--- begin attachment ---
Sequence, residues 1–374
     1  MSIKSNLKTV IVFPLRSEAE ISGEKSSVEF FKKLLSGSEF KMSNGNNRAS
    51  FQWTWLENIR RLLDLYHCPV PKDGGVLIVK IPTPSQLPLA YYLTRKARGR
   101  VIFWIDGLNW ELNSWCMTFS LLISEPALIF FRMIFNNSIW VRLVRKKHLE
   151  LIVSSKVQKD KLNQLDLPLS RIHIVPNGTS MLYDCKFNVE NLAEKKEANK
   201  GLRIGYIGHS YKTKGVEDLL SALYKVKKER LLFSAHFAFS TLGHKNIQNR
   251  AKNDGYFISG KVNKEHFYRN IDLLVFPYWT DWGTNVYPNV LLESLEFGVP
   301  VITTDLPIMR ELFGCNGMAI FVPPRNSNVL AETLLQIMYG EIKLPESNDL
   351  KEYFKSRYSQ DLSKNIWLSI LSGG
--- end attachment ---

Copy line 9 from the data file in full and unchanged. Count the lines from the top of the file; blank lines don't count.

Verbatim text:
   351  KEYFKSRYSQ DLSKNIWLSI LSGG